Quitting an Exercise Regimen Can Lead to Depression
We are all aware that physical activity, often in the form of structured exercise, helps to improve physical and mental health. New research now finds that stopping exercise may result in increased depressive symptoms.
University of Adelaide researchers performed an analysis of prior studies that examined the effects of stopping exercise in regularly active adults. Ph.D. student Julie Morgan discovered that exercise cessation may lead to detrimental mental health effects in the form of depression.
The results of her review appear online ahead of print in the Journal of Affective Disorders.
“Adequate physical activity and exercise are important for both physical and mental health,” says Ms. Morgan.
“Current public health guidelines recommend being active on most if not all days of the week. At least 150 minutes of moderate intensity exercise a week is recommended to maintain health and prevent depression, or 75 minutes of vigorous intensity exercise for added health benefits.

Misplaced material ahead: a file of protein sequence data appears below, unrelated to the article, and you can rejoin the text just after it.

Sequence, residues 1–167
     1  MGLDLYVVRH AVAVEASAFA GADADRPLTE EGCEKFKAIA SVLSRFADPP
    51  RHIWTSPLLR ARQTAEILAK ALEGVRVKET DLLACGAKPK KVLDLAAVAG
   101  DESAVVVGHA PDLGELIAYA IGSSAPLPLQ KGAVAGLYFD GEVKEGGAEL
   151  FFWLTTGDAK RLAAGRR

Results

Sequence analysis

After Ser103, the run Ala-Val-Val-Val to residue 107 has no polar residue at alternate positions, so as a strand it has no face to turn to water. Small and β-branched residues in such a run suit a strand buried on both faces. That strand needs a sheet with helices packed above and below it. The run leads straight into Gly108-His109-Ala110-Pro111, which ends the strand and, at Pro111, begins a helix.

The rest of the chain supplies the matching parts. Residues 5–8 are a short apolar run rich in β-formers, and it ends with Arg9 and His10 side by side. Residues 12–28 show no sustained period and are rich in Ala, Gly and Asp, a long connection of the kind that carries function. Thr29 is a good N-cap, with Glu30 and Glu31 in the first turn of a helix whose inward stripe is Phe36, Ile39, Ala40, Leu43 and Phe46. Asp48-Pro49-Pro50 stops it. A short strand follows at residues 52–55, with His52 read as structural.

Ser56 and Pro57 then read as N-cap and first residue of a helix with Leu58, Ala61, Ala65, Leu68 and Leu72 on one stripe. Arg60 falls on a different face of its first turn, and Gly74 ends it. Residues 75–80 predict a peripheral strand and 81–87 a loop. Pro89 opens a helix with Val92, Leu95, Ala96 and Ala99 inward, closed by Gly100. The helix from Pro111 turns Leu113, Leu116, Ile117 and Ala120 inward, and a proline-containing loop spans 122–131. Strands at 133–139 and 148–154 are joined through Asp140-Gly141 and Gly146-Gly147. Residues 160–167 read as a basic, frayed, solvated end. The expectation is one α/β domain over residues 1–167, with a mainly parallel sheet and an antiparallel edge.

“An extensive body of clinical evidence shows that regular exercise can reduce and treat depression. However, there is limited research into what happens with depressive symptoms when exercise is stopped,” she says.
Ms. Morgan reviewed studies that investigated the cessation of exercise in 152 adults. They had each undertaken at least 30 minutes of exercise, three times a week, for a minimum of three months.
“In some cases, ceasing this amount of exercise induced significant increases in depressive symptoms after just three days,” says Professor Bernhard Baune, Head of Psychiatry at the University of Adelaide and senior author on the paper.
“Other studies showed that people’s depressive symptoms increased after the first one or two weeks, which is still quite soon after stopping their exercise.”
Professor Baune says the depressive symptoms arising from stopping exercise occurred in the absence of the typical biological markers commonly involved with depressive symptoms.
“This suggests some kind of novel effect in these cases, although we should add some caution here, as the number of people included in the studies we examined was small. Such findings would need to be replicated in additional trials,” he says.
Professor Baune says the lack of research in this specific area points to the need for further studies, to help better understand the way in which stopping exercise affects depressive symptoms.
“For now, it is important that people understand the potential impact on their mental well-being when they suddenly cease regular exercise,” he says.